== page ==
Dallas-based Tenet Healthcare CEO Ron Rittenmeyer touted the company's financial and cultural change in the company's 2018 earnings call, driven by a strong year from its ambulatory division, United Surgical Partners International, which reported a 7.5 percent net operating revenue increase to $2 billion.
Last year, Tenet acquired the remaining percentage of 15 percent of USPI from Welsh, Carson, Anderson & Stowe, and now holds 95 percent of the company, which includes 227 consolidated facilities. The company continued to add to its ambulatory portfolio and sees energy around USPI continuing in 2019.
"We invested $240 million in ambulatory M&A including adding 27 facilities and seven new health system partners," said Mr. Rittenmeyer during the fourth quarter and full-year earnings call, as transcribed by Seeking Alpha. "This was a great year for acquisitions and de novos and we will continue to pursue these opportunities aggressively."
Mr. Rittenmeyer anticipates USPI will deliver another 10 percent to 12 percent growth in adjusted EBITDA less facility NCI in the coming year, with a focus on acquisitions as well as same-facility growth. In 2018, the company reported 5.1 percent same-facility revenue growth and cases were up 3.4 percent. The overall revenue per case also increased 1.6 percent.
"Growth in our hospitals and USPI is dependent on building and sustaining greater loyalty from our patients," said Mr. Rittenmeyer. "This is about how we handle arrival to departure and everything in between. What we do impacts new and returning patients and our objective is to be seen and known as the location desired for quality care."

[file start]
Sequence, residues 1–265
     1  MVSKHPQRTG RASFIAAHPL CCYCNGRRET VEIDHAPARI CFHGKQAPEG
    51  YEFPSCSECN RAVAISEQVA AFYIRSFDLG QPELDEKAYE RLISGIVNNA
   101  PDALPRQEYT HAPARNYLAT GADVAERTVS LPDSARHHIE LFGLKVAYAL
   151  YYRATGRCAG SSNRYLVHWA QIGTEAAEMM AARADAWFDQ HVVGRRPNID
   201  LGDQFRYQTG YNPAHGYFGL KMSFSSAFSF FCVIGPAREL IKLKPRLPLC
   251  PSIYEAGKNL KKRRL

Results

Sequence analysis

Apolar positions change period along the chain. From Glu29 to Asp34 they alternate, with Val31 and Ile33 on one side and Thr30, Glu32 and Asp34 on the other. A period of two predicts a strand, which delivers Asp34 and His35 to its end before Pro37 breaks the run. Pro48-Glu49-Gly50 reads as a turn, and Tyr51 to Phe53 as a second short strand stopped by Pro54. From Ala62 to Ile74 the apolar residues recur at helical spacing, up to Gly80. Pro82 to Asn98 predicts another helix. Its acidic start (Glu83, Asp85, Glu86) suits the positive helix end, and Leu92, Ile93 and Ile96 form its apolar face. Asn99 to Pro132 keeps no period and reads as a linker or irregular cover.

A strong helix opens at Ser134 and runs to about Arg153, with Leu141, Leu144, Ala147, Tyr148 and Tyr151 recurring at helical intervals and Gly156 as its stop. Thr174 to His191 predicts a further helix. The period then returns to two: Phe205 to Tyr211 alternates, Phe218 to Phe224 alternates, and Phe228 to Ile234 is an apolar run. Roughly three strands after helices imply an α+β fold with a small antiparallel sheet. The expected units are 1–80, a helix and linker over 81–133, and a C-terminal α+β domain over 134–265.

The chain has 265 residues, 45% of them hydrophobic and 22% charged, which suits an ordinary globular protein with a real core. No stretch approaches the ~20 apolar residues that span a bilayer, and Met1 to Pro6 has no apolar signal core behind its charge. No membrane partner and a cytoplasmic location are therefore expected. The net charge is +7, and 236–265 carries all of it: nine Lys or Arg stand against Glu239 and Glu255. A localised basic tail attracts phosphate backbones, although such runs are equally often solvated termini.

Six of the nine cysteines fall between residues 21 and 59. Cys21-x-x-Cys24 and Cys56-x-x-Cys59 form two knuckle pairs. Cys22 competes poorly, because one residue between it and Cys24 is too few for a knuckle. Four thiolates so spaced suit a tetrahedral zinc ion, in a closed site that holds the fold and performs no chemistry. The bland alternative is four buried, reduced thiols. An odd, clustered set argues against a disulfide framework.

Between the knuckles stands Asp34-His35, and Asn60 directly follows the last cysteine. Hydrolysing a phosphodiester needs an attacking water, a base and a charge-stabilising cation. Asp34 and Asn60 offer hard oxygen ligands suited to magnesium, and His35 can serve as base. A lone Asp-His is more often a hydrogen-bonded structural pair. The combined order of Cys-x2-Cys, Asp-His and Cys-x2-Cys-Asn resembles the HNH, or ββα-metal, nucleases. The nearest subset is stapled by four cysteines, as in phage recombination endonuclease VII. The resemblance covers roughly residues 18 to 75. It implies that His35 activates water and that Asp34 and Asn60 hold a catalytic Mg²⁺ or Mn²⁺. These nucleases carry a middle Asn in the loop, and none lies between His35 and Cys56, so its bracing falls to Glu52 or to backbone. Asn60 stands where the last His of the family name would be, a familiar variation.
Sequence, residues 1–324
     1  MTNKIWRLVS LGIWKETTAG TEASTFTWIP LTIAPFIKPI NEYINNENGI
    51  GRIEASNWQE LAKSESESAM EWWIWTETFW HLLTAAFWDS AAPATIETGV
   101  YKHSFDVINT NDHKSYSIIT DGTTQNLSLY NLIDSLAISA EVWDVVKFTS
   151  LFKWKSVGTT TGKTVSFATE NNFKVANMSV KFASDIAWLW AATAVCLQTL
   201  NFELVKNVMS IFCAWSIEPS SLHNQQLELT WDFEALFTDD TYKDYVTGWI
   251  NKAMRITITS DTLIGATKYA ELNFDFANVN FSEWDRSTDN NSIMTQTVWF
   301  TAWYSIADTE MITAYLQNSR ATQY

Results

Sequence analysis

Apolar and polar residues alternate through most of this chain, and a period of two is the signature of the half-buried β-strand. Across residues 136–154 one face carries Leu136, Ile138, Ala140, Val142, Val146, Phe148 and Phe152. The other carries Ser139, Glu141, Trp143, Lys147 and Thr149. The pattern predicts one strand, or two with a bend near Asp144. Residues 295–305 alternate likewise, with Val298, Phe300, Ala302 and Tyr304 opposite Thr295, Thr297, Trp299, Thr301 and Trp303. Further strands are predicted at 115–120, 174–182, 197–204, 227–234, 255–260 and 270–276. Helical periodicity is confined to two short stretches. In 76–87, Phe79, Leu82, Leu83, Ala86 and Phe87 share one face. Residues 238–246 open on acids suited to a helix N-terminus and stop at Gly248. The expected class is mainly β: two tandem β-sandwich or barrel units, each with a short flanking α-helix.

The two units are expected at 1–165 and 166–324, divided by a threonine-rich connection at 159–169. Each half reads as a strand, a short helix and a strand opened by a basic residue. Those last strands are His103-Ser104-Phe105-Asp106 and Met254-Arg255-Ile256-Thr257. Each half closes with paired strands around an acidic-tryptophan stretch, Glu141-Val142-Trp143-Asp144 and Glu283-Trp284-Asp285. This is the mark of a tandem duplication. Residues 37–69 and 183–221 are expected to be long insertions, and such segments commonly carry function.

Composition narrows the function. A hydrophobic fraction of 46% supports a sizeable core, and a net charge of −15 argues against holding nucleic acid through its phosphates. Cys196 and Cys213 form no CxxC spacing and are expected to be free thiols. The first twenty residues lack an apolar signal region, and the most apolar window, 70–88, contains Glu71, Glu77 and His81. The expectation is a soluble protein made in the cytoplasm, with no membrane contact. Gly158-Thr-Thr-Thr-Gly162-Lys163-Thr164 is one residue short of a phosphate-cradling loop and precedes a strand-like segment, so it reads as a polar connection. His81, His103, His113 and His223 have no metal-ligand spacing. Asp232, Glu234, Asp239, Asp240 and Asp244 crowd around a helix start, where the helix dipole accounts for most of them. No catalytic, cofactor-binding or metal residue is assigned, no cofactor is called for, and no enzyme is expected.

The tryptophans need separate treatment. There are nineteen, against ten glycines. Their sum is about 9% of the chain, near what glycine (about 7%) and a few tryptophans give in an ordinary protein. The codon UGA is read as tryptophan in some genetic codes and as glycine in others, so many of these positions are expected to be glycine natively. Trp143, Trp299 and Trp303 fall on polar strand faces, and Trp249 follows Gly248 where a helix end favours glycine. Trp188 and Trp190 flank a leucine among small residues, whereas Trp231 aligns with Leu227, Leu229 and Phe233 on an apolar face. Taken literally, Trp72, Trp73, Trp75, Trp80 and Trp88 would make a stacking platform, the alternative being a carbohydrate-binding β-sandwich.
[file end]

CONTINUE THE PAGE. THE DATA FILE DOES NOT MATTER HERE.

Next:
President and CEO of USPI Brett Brodnax also discussed the company's future, laying the foundation for even bigger growth than initially predicted. "As we look at 2019, our pipeline continues to be robust," he said. "We have guided $150 million to $175 million [for acquisitions], but if we continue to find high quality acquisitions, it could be a little bit higher than that"
During Mr. Rittenmeyer's presentation at the J.P. Morgan Healthcare Conference in January, he said the company owned around 5 percent of Medicare-certified ASCs in the country and sees a huge opportunity for future growth. But they're not the only organization with an eye on the ASC market.
"The primary competition that we continue to see is related to other surgery center companies that are playing in the space," said Mr. Brodnax, on the conference call. "We're also seeing a little bit of resurgence of competition from health systems around the country who are trying to figure out how they accelerate ambulatory growth. Now, many of those health systems are looking to organizations like us to partner with, but there are health systems around the country who are deciding to go it alone and we deal [with] those as obviously competitors."
Mr. Brodnax also discussed private equity investors changing the landscape heading into 2019.
"Some people would view that as competition," he said. "Quite honestly, we see that as an opportunity. If we can work with some of these PE firms to help leverage our infrastructure as opposed to them having to replicate the infrastructure, we think there is an opportunity to partner with the PE firms to help grow their footprint and scale out of their business at a much more expeditious pace."